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Vasquez v. Franklin Management Real Estate Fund, Inc.

California Court of Appeals, Second District, Fourth Division

December 31, 2013

JORGE L. VASQUEZ, Plaintiff and Appellant,
v.
FRANKLIN MANAGEMENT REAL ESTATE FUND, INC., Defendant and Respondent.

Pub. Order 12/31/13 (see end of opn.)

APPEAL from a judgment of the Superior Court of Los Angeles No. BC449064, Malcolm Mackey, Judge.

Employment Lawyers Group, Karl Gerber and Ann Guleser for Plaintiff and Appellant.

Kimball, Tirey & St. John, Karl P. Schlecht and Michaelene H. Kapson for Defendant and Respondent.

MANELLA, J.

Appellant Jorge L. Vasquez contends the trial court abused its discretion in sustaining respondent Franklin Management Real Estate Fund, Inc.’s demurrers to appellant’s claims for constructive discharge in violation of public policy and intentional infliction of emotional distress. The trial court found appellant’s allegation that respondent violated the Labor Code by assigning appellant tasks that required extensive use of his vehicle and refusing to reimburse him for mileage did not support either claim. The issue presented is whether the facts alleged supported claims for constructive discharge in violation of public policy or intentional infliction of emotional distress, or could be amended based on factual contentions made by appellant to state such causes of action. We agree with the trial court that appellant did not assert facts sufficient to support the intentional infliction of emotional distress claim. However, we conclude appellant should have been permitted leave to amend his claim of constructive discharge in violation of public policy and therefore reverse the judgment.

FACTUAL AND PROCEDURAL BACKGROUND

A. Original Complaint and Demurrer

Respondent employed appellant as a maintenance technician from May 2009 until August 2010. In November 2010, appellant brought suit against respondent. The complaint alleged that during appellant’s term of employment, respondent paid him a wage of $10 per hour for a 40-hour week. After the first month, appellant’s supervisors began instructing him to drive his own truck for work-related errands, such as going to the hardware store to buy items needed for apartments owned or managed by respondent. Appellant estimated that he thereafter drove a minimum of 30 miles per day running errands related to his employment. According to the complaint, appellant told his supervisors nearly every week that he could not afford to pay for the gasoline and vehicle maintenance, and he requested reimbursement. Despite his repeated requests, his supervisors continued to assign him tasks that required many miles of driving and consistently informed him he would not be reimbursed.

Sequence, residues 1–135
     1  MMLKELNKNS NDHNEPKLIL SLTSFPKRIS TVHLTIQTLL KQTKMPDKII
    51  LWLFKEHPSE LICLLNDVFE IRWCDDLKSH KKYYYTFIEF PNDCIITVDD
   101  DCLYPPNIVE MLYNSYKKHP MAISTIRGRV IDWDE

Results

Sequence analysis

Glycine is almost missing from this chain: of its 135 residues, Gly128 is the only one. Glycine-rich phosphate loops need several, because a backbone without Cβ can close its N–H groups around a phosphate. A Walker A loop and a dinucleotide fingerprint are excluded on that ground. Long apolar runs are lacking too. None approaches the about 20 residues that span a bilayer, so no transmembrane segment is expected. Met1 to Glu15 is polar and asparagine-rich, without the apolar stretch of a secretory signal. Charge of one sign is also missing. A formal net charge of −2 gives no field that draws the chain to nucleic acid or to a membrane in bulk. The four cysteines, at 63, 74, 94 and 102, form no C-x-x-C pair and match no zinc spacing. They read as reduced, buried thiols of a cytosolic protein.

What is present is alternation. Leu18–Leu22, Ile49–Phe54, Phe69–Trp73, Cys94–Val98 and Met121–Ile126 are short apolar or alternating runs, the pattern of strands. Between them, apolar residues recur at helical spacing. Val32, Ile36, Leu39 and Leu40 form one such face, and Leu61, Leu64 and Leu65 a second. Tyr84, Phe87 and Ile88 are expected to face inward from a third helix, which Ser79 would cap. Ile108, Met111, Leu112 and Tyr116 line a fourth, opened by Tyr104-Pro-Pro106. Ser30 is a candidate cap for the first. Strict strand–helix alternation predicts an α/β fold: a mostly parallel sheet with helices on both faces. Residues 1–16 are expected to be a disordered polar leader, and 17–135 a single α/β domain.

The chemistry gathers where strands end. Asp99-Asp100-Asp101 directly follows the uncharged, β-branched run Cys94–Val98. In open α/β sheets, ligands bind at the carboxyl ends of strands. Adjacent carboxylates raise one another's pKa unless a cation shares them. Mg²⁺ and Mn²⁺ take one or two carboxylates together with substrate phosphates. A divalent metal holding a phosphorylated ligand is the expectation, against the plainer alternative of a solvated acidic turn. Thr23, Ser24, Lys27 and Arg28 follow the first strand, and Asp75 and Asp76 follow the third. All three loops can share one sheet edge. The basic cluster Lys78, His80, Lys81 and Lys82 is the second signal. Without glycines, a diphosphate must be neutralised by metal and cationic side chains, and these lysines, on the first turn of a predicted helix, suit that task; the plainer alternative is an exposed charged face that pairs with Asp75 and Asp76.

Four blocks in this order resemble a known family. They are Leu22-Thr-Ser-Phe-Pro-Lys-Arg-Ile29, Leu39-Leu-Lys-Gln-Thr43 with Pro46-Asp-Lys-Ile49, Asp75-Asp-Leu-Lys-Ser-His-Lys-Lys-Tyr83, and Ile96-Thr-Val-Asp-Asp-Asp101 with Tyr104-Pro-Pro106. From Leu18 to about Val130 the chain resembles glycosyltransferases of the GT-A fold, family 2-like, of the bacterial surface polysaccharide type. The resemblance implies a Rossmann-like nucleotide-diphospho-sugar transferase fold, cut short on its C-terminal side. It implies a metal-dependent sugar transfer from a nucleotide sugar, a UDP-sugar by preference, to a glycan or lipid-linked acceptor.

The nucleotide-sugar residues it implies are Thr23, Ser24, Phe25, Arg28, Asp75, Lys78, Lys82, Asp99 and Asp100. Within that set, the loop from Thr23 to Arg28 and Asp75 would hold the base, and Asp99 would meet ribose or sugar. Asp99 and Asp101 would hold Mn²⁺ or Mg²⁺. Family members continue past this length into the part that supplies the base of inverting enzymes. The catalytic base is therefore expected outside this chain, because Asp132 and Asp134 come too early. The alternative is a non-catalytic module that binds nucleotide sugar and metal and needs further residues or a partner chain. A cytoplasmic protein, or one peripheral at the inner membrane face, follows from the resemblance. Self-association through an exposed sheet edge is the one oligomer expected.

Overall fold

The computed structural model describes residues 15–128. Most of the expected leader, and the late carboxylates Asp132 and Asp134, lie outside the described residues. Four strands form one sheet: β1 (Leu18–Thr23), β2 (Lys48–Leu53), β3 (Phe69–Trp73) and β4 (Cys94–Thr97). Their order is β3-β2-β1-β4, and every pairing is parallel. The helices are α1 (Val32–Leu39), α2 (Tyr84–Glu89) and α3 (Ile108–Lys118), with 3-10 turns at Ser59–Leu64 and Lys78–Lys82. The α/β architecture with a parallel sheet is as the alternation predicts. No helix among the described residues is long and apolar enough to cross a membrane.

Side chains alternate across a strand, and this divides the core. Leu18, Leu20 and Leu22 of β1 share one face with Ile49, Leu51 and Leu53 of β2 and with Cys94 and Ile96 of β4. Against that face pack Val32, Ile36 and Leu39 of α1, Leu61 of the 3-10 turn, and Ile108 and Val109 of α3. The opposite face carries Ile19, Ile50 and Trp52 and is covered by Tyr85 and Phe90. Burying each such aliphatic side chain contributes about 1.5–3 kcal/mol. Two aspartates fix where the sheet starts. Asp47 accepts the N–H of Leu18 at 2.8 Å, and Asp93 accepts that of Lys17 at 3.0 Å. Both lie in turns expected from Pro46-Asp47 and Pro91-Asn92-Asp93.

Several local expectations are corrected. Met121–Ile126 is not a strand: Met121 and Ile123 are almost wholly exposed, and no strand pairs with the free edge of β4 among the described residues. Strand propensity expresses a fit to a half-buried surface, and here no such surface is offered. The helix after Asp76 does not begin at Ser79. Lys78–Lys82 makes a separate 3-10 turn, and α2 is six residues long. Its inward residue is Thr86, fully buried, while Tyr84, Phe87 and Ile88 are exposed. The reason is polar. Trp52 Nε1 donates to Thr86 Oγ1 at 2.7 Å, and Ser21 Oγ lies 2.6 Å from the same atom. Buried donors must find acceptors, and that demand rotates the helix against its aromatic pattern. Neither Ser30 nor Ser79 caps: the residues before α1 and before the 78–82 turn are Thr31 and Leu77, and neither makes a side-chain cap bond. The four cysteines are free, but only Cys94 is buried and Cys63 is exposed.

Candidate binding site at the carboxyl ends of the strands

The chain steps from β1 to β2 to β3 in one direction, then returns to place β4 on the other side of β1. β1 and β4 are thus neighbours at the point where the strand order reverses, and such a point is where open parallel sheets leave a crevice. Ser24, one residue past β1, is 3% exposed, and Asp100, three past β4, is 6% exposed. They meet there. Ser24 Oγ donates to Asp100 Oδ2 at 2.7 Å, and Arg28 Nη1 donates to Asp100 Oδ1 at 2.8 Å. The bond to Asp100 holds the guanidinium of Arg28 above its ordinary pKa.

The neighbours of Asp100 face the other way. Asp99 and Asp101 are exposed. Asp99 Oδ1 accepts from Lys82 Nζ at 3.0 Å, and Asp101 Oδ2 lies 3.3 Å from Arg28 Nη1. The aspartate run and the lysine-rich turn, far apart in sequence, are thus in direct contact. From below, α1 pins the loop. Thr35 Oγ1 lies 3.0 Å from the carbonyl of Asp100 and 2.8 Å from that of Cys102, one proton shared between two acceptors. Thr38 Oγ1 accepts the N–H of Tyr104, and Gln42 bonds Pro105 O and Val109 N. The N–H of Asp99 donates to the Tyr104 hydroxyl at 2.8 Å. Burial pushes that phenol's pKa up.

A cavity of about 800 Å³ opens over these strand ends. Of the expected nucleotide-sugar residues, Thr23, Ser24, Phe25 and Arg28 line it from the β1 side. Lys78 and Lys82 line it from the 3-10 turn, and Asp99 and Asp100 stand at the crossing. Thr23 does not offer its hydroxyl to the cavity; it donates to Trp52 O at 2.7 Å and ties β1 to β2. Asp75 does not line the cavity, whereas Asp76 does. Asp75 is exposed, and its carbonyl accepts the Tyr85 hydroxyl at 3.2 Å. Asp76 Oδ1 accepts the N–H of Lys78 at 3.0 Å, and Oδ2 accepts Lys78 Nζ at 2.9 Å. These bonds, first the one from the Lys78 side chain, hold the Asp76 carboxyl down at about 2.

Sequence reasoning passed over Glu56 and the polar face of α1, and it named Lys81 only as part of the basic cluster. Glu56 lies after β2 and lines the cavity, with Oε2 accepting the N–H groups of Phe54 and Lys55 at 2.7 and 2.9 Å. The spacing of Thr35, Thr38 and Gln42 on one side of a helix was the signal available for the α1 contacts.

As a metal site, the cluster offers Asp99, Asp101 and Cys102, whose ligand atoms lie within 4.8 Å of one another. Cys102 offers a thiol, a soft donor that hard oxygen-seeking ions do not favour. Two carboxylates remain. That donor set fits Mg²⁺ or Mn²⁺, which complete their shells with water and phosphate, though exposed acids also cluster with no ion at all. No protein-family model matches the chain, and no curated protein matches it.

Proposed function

In August 2010, appellant informed a new supervisor that he could not afford to maintain his vehicle due to using his money to purchase gasoline for work-related errands. Appellant told the new supervisor he could not “tolerate the work environment of only being paid $10.00 per hour, not being paid for gas and having to drive around town for work without being reimbursed for mileage.” When respondent continued to refuse to reimburse for mileage, appellant had “no choice but to resign.” Based on these allegations, appellant brought suit for violation of Labor Code section 2802.[1] He also asserted claims for constructive wrongful termination in violation of public policy and intentional infliction of emotional distress.[2] According to the complaint, the public policy respondent allegedly violated was embodied in Labor Code sections 2802 and California’s unfair competition law (Bus. & Prof. Code, § 17200, et seq.).[3]

Respondent demurred to the claims for constructive discharge and intentional infliction of emotional distress. Respondent contended that failure to reimburse for mileage was not sufficiently intolerable or aggravated to support a claim of constructive discharge. Respondent further contended that appellant failed to allege sufficiently outrageous and extreme conduct to support a claim for intentional infliction of emotional distress.

The trial court sustained the demurrer with leave to amend the claim for constructive discharge and without leave to amend the claim for intentional infliction of emotional distress. The court found that the complaint failed to allege facts sufficient to constitute a constructive discharge and failed to allege any outrageous conduct on the part of respondent.

B. FAC and Demurrer

Appellant filed a first amended complaint (FAC), adding more detail to the allegations of the original complaint. The FAC alleged that appellant should have been reimbursed $330 per month based on driving 30 miles each workday and the standard mileage rate of 55 cents per mile, and that this represented a significant percentage of his $1, 600 monthly salary. Appellant contended that the failure to reimburse him for mileage resulted in his salary of $10 per hour being effectively reduced to less than the minimum wage.[4] However, in asserting his claim for constructive discharge in violation of public ...


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